From ancient times, when the image of an ichthys drawn in the sand served as an invitation for people to gather in worship, marketing has played a significant role in the life of the church.
The ichthys — two intersecting arcs that resemble the profile of a fish — is still a sign of Christianity today, but marketing efforts are more sophisticated. From the paper bulletin, outdoor signage and websites to onscreen announcements and social media, churches use a variety of methods to reach both members and prospective members. But is it time to reconsider your marketing plan and add some new elements?
Knowing what kind of communications will work best for your church depends on your goals, your audience and your resources. If you’re wondering whether a reboot is in order, begin with an audit of current efforts. Once you’ve identified what you’re doing well and where gaps exist, you can integrate new tactics into your outreach. Consider some of the ideas below to take your marketing to the next level.
Enhanced website content
Your website is your MVP for staying connected with members and providing information for visitors and seekers, and churches are one of the richest sources of content imaginable. But is your website stagnant? If you haven’t added new forms of content and functionality people expect these days, your message might not be getting out. Think about:
- Establishing a blog. From Scripture, to stories of impact, to features about individual members, a blog reflects your community and offers a reason for people to visit your site on a regular basis.
- Posting videos of your sermons – or livestreaming Sunday services.
- Posting videos of classes, activities and events.
- Creating interactive content — questions, games, polls and surveys (see below for more on the last two).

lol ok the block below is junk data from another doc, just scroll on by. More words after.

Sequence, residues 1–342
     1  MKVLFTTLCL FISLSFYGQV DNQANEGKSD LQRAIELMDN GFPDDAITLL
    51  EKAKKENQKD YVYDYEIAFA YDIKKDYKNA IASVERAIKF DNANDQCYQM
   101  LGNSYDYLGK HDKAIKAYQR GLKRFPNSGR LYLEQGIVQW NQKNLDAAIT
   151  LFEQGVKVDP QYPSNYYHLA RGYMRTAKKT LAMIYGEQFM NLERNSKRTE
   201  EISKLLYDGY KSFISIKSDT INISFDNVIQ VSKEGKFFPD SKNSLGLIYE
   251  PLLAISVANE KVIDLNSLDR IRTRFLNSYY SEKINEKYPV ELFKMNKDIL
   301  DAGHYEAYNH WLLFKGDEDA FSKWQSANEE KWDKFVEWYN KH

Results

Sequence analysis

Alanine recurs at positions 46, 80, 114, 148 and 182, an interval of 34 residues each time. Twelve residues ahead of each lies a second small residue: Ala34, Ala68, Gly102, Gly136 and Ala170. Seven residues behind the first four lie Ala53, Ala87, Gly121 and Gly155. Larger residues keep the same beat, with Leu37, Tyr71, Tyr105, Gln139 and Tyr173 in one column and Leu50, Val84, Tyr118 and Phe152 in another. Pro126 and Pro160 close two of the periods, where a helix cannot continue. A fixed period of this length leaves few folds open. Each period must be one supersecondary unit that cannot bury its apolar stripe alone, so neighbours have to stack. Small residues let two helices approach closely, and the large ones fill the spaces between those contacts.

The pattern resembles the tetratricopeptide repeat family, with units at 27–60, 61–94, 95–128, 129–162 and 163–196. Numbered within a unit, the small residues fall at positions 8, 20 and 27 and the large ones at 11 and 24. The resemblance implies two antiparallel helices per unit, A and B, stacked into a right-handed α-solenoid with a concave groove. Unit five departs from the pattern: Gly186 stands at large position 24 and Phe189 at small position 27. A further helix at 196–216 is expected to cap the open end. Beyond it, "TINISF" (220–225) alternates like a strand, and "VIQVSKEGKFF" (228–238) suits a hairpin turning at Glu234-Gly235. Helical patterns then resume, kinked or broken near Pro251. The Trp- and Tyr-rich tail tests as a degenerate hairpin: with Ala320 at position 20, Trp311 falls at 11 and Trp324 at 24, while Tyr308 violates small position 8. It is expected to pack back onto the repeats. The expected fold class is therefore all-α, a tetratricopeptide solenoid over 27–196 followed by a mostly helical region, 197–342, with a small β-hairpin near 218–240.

- Including the ability to comment on posts, articles and other content.
- Adding an online giving form or page.
Segmented email newsletters
For most churches, an email newsletter is akin to sharing bulletin information in a more modern format. For larger churches with varied demographics, more sophisticated email marketing approaches such as segmentation can personalize that outreach with highly effective results. Why send people information they aren’t interested in? Developing newsletters for young adults, families, seniors and others will show people that you’re interested in meeting their individual needs, and that may connect them more strongly to your church.
New forms of social media
Think about social media like the coffee and donut room. It’s where organic conversations thrive. But Facebook and Twitter are relatively old, as social media goes, especially if you’re seeking to be relevant to your younger members. To reach them, you need to participate in conversations happening on Instagram and Snapchat — and stay ahead of the curve going forward.
In the U.S., 95% of adults have a cell phone. Among the 18-29 demographic, that number is 100% (you read that right). It’s 99% for the 30-49 set, 97% for ages 50-64, and 80% for adults over 65.1 It’s not hard to see why text messaging capabilities are so vital. Success hinges on ensuring that people have opted in to receive texts and that the information is bite-sized and of immediate relevance – for example, texting weather-related cancellations or special event reminders.
Polls and surveys
In ministry, polls and surveys are not only a good way to gain feedback from members and visitors, but also to send a message that your church is working to meet the needs of its community. This is a deceptively simple and low-cost effort, particularly compared to the tremendous value it offers. Begin with resources such as Survey Monkey, which will guide you through the process and are free to a certain number of respondents.
As you’re reviewing and revising your plan to grow and nurture an engaged community, consider how each platform could strengthen your e-Giving. For example, you could make a request for donations to a specific ministry in your Sunday bulletin.
Or you can do so in a blog post and include a ‘give’ button linked to an electronic contribution form, space on the page for comments from those who have benefitted from the ministry, and the ability to share via email and social media.
The first is traditional, could require a checkbook, and would be seen only by those in the congregation on any given Sunday. The second is dynamic, urgent and communal – much like the very communities we’re working to cultivate.